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I apologize to those waiting for our soul challenge this past week. Hopefully, you have found some time for your soul, in whatever ways that resonate with you, over the last week. Our soul challenge (and that which you can use for the next week) for week 5 is:

Take time for your intuition.

This challenge, for me, came at an opportune time. My intuition has always been a piece of me that I deeply respect but so often a piece with which I feel disconnected. My intuition sputters – sometimes I’m on, I’m connected, and I’m making some amazing decisions through life. And then, like writer’s block, something starts to clog up the tap, I start over-thinking, and I’m faced with indecisiveness, uncertainty, and a lack of trust in myself.

Intuition is the product, in my opinion, of life experience, learned knowledge, personal wisdom, and, most importantly, that mystical “universal consciousness”. And, contrary to what my rational mind tells me, intuition has a deeply important place in health, in medicine, in business, in relationships, and in any other sector of life that requires decision-making (I even use it when choosing oranges at the grocery store). The key to tapping into one’s intuition – to taking time for intuition – is space.

We use only 3% of our brains in conscious life. That 3% certainly gets crowded through the day – deadlines, worrying, planning, goals, expectations.  With so much running through our conscious minds, how can we hear the subtler messages? How can we expect our minds to retrieve information and lessons from our past, if so caught up with the future? And how can we open the lines to something bigger – a universal knowledge – if our worrying minds are overcrowding the switchboard?

My beautiful friend and naturopathic doctor describes the mind (and the parts of the mind) as muscles: just like muscles, some get used more than others, some areas bulk up faster than others, and some can atrophy and become weak if not used. Are you training your intuitive mind? How often do you take time to step away from the mental workout of “when? why? how?” and breathe into the space of now? Are you listening to the messages that can only be heard in the silence of breath alone?

Good luck with your next week.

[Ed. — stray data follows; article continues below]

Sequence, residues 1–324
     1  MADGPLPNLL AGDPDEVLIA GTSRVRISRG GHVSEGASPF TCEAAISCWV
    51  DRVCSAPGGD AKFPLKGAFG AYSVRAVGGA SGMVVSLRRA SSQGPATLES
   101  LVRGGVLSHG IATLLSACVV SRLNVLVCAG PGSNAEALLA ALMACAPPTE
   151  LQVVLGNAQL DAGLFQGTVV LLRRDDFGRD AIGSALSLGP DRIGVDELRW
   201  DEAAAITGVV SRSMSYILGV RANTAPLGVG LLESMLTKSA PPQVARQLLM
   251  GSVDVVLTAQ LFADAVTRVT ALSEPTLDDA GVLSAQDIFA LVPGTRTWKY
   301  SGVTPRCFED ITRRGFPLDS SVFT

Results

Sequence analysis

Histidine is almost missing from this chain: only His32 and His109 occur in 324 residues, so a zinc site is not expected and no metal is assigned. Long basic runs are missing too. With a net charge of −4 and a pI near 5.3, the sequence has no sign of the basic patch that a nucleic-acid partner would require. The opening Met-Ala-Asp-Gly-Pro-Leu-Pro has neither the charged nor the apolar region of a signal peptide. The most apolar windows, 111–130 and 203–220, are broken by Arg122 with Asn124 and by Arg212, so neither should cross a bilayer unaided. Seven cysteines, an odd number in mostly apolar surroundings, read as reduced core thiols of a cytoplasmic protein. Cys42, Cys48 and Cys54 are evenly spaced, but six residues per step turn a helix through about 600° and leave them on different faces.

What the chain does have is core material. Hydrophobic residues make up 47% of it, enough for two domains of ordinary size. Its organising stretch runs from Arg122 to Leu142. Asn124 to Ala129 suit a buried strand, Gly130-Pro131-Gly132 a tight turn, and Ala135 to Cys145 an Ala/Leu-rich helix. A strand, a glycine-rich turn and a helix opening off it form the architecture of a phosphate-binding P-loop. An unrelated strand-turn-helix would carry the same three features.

(By the way, my week 4 scores…

My total: 28 (out of a potential 35) (again!)
Feeling a little more connected to spirit, a little more congruent in body, mind and spirit… May I suggest that everyone go out and get a massage, bodywork, hydrotherapy, or any other therapy to connect your body, mind and spirit? Sometimes we all need a reminder…)

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Apparently, doing nothing is a good theme for me. I achieved my highest score yet, this past week…

My total: 28 (out of a potential 35)

On analyzing this week’s successes (and challenges), it becomes clear that it is no coincidence that we Canadians celebrated our last long weekend (until the winter/Christmas holidays). Thanksgiving. A time for nourishing our souls, our tummies, our relationships.  The waning of the moon further contributed to the feeling of yin: peace, settling, the exhale. And an excellent time to practice “doing nothing“.

Thanksgiving for my husband and I was a little different this year: because we are currently on our fall cleanse, we were unable to participate in the voracious gorging at a couple of family Thanksgiving dinners. We brought our own delicious, detox friendly food to one, and on thanksgiving itself, ended up making our very first Thanksgiving for two. A gluten-, dairy-, soy-, processed-, alcohol-free thanksgiving, full of delicious autumn foods done perfectly: home-cooked and extremely nourishing. And, they lasted for meals after. 🙂 Score for taking time for body.

The energy of the weekend – gratitude – was quite dominant and palpable, everywhere I turned. And when that feeling is so overwhelming, it is difficult NOT to sit with it a little… bathing in this happiness. We found ourselves in peaceful quietude more often than not, breathing in the air, doing walking meditations, and feeling soothed from deep within. Emotions ran high and flowed with a cleansing feeling. In fact, I even wrote a poem. Now how is that for taking time for the mind?

Doing Nothing was also soul-soothing. We did not touch our work all weekend. As I mentioned, the quiet moments were many. this past’s week’s challenge to “take time to do nothing” was a nice change, and, as I mentioned in my last blog post, made me rethink my definition of productivity. This week, I feel refreshed and more ready to take on what the days have in store. I did take time for soul this past week, and I can feel the difference.